The expected claim method is usually used by Insurers when entering new lines of business or new territories.
Common Uses of the Expected Claims Method
This method is more commonly used in lines of business with longer emergency patterns ad settlements like Medical Negligence, Workmen compensations, Product liability, etc.
This method can be used with data organized by
- Accident year
- Report year
- Policy year
- Underwriting year, and even with calendar year data
The expected claim method is often and commonly used when:
- An insurance company enters a new line of business or a new territory
- Operational or environmental changes make recent historical data irrelevant for projecting future claims activity for that group of claims
- Data is unavailable for other methods
Mechanics of the Expected claims Technique
There is numerous way for actuaries to determine the point expected claims. Some of the approaches are mathematically simple and some involve complex statistical modeling. Most often used by commercial insurers is a relatively simpler approach. Actuaries for commercial insurers frequently apply a claim ratio method, where ultimate claims for an experience period are equal to a selected expected claim ratio multiplied by the earned premium.
Such an approach tacitly relies on the accuracy of policy pricing and underwriting. An example of the other end of the spectrum would be a complex simulation model built to project expected claims for captive insurers covering errors and omissions liability for potential blood-related diseases
In many respects very basic calculations of determining expected claims for an exposure-based method. Actuaries calculate expected claims by multiplying a pre-determined exposure base by a selected measure of claims per unit of exposure. The unpaid claim estimate is simply the projected claims less paid claims. The two challenges of the expected claim method are determining the appropriate exposure base and estimating the measurement of claims relative to that exposure base.
The most common exposure base for an insurer and reinsurer is earned premium and the most common measurement of claims is the claim ratio.
Expected claims = The earned premium * expected claim ratio.
Self-Insurer does not generally collect premiums in the same way that an insurer does. As a result, data analyst — working with self-insurers generally use other exposure bases that are readily available and observable, also they believe which are closely related to the risk and thus the potential for claims
When the Expected claims technique works vs when it does not
As mentioned early, when an insurer is entering a new line of business or a new territory -the expected claims method is often used. If actual historical claims experience is unavailable for the insurer, the actuary may be able to turn to insurance industry benchmarks for claim ratios, pure premiums, and claim development patterns. Actuaries also use the expected claims techniques for the most recent years in the experience period when the cumulative claim development factors are highly leveraged.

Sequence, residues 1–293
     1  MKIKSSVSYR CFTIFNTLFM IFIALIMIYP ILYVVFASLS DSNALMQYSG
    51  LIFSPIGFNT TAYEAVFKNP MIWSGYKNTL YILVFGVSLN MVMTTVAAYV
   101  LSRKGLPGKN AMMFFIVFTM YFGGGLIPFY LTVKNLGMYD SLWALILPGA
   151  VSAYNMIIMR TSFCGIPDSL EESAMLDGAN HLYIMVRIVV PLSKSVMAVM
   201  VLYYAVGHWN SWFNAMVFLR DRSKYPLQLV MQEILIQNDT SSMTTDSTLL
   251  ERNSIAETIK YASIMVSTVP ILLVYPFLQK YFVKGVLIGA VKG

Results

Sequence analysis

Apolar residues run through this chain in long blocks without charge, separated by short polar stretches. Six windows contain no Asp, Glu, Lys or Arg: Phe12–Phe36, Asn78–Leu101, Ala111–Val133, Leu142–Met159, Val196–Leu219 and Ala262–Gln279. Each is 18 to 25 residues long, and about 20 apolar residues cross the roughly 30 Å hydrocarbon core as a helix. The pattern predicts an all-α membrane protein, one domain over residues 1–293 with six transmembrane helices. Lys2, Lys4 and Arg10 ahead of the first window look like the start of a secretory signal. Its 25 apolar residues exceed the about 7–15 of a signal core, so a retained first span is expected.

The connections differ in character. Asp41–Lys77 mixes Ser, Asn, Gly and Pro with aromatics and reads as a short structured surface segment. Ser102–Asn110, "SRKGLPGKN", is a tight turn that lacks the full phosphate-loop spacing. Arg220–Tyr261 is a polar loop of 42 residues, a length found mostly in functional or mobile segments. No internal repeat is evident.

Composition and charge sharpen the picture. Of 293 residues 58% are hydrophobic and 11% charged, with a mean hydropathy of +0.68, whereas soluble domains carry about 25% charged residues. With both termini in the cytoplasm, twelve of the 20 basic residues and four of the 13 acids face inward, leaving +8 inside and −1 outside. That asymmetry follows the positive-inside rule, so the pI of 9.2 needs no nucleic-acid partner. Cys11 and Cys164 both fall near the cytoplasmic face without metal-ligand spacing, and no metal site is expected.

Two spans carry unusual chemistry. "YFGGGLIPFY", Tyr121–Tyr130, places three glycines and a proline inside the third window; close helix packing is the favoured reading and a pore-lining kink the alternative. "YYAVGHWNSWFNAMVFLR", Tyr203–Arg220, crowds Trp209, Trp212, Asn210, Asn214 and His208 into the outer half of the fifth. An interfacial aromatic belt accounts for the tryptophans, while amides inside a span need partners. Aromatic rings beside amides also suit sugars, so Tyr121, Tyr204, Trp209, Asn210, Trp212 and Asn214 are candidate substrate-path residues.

In addition, the expected claims method often depends upon when an insurance company has significantly experienced the change either due to internal factors or external influences.
For example, after certain crucial legal environmental changes, an insurance company may decide to use an expected claim ratio method for the latest year in the experience period. A steep increase in the statute of limitations for filing claims or expanded coverage due to recent court decisions are examples of changes in the legal environment that can affect insurers’ claim liability.
The subjected technique has the advantage of maintaining stability over a considerable length of time. The ultimate claims estimate changes when there is a change in assumption related to the exposure or claim ratio. When there is a probable advantage considering the stability of the projections, on the other hand, there is a likelihood of lagging responsiveness to recent experience which is the disadvantage. Because the technique ignores actual claims experience as reported when the actual claims experience differs from the initial expectations-this method is not responsive.
Sometimes, the actuary will judgmentally adjust the claim ratio based on historical experience due to a belief that either the pricing or underwriting or both are changing.
In such a situation, the actuary may be able to adjust the prior expectation in advance of changes being fully manifest in the data. In this situation, the expected claims method could prove to be more responsive than data-dependent methods.